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Oklahoma School Boards Group Says SQ 779 Would Pay For Raises, Little Else

Stacey Haynes goes over spelling words with her third-grade class in Washington, Okla.
Brent Fuchs
The Journal Record
Stacey Haynes goes over spelling words with her third-grade class in Washington, Okla.

State Question 779 could bring in millions for schools in the Oklahoma City metro, but the proportional breakdown means the smallest districts would receive just a few thousand dollars.

If the 1 percent sales tax passes in November, fewer than 100 school districts will get more than $1 million extra per year, according to analysis by the Oklahoma State School Boards Association. Some of the money earmarked for public schools would go to mandatory teacher pay raises. The rest is for academic improvements, The Journal Record’s Dale Denwalt reports:

OSSBA Executive Director Shawn Hime said schools would be able to use the money on a mandatory $5,000 teacher pay raise, plus incentives to recruit and retain educators. Other revenue earmarked for public schools would go toward academic programs meant to improve graduation rates and college readiness. “You could hire additional teachers to reduce class size, which would be a research-based approach to improving academic achievement,” Hime said. But some districts might not even have that option. “For the most part, small schools would have to spend (revenue) on the $5,000 raise and other small initiatives,” Hime said. “They would not have enough money for additional teachers.”

The money would be divided based on the number of students in a district. More students, more money. But many things cost the same no matter where you are in the state.

Oklahoma City Public Schools could use some of its extra $26 million to hire new teachers. But some districts won’t have enough left over for even one salary after they give current teachers an extra $5,000.

The OSSBA’s analysis shows Washington Public Schools in McClain County would get an extra $560,395 from the proposed 1-percent sales tax. Superintendent A.J. Brewer said that after raises, he’s not yet sure how the money might be spent. “What does that mean for us?” Brewer said. “It’s kind of hard to exactly say what it would mean for us but it could mean additional reading programs, which could be extended-day or extended-year programs. It could mean counseling services, when you’re talking about graduation rates and college readiness and counseling opportunities. It could mean computer-based learning programs to increase reading or learning through use of technology, and those are just some thoughts.” Brewer said the money could help pay for programs that have suffered because of other budget woes. “That allows you to do some of these additional things that we end up having to cut back on,” he said.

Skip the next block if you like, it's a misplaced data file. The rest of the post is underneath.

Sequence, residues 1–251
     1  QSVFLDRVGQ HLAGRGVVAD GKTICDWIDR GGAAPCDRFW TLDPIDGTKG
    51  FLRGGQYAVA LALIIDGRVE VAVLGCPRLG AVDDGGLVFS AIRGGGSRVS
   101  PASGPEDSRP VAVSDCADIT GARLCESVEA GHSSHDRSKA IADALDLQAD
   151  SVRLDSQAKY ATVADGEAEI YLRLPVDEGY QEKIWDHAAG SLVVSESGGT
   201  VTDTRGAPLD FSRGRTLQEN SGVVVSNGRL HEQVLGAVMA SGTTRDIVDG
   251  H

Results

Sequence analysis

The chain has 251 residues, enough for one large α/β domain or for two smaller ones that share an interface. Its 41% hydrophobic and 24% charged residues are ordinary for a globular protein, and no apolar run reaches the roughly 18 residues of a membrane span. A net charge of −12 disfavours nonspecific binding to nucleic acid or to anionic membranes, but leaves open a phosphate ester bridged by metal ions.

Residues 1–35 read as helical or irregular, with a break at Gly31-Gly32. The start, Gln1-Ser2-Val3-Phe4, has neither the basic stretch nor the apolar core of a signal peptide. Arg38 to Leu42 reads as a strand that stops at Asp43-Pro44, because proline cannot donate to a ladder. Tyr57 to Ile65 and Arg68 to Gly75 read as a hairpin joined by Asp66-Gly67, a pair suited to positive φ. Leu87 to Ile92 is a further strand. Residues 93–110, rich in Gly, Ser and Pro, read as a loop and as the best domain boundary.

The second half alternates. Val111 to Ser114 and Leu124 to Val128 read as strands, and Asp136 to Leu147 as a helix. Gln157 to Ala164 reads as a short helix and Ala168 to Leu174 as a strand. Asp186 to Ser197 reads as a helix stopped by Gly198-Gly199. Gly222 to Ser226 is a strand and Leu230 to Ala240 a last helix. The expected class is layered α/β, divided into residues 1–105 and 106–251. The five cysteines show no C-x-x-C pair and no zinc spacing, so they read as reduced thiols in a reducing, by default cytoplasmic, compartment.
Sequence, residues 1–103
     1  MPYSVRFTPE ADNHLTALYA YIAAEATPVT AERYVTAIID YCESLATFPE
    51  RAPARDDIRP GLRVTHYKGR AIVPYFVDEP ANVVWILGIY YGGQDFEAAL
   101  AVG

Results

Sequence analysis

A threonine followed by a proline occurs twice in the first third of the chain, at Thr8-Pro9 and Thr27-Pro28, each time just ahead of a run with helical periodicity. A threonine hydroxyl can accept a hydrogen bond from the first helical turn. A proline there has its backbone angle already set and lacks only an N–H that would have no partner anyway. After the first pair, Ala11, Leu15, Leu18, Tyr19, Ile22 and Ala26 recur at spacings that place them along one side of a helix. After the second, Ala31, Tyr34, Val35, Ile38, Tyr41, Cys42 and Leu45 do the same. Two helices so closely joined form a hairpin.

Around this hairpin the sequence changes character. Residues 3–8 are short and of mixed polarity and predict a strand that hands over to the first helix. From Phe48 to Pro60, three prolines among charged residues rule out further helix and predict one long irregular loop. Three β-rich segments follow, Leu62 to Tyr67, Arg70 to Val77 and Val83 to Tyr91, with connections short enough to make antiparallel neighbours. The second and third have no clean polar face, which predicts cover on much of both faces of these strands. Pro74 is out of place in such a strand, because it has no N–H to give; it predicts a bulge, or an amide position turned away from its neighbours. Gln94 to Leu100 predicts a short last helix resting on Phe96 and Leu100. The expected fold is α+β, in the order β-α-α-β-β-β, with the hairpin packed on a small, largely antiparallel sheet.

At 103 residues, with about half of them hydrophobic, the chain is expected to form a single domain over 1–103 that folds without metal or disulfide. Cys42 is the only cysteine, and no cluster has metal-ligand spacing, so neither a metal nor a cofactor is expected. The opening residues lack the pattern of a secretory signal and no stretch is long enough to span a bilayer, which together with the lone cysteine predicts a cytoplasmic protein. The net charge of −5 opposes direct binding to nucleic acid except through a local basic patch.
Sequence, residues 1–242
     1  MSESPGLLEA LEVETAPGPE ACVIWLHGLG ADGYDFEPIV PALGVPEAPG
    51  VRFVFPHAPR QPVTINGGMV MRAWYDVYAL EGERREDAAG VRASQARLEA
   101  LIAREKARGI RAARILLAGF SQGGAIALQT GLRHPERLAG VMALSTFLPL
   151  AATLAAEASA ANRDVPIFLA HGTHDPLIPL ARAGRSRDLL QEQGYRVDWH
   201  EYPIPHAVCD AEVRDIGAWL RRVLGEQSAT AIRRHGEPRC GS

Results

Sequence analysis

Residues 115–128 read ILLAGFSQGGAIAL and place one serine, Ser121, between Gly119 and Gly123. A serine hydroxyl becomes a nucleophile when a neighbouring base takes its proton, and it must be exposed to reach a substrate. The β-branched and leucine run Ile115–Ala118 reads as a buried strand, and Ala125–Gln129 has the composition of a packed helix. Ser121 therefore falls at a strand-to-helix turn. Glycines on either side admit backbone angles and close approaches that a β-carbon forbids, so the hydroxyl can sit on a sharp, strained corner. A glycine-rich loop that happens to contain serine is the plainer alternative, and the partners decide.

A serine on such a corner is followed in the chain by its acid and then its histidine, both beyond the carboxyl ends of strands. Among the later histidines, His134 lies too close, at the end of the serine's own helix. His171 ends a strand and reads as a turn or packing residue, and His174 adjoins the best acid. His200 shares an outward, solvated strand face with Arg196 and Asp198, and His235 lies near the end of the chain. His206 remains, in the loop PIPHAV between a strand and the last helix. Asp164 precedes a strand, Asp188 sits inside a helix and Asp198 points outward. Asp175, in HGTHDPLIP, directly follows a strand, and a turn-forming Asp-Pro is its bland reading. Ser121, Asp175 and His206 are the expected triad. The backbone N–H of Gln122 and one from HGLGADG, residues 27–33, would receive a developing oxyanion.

Along with going to local public schools, the sales tax revenue would be divided among higher education and CareerTech sites.

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Brian Hardzinski is from Flower Mound, Texas and a graduate of the University of Oklahoma. He began his career at KGOU as a student intern, joining KGOU full time in 2009 as Operations and Public Service Announcement Director. He began regularly hosting Morning Edition in 2014, and became the station's first Digital News Editor in 2015-16. Brian’s work at KGOU has been honored by Public Radio News Directors Incorporated (PRNDI), the Oklahoma Association of Broadcasters, the Oklahoma Associated Press Broadcasters, and local and regional chapters of the Society of Professional Journalists. Brian enjoys competing in triathlons, distance running, playing tennis, and entertaining his rambunctious Boston Terrier, Bucky.
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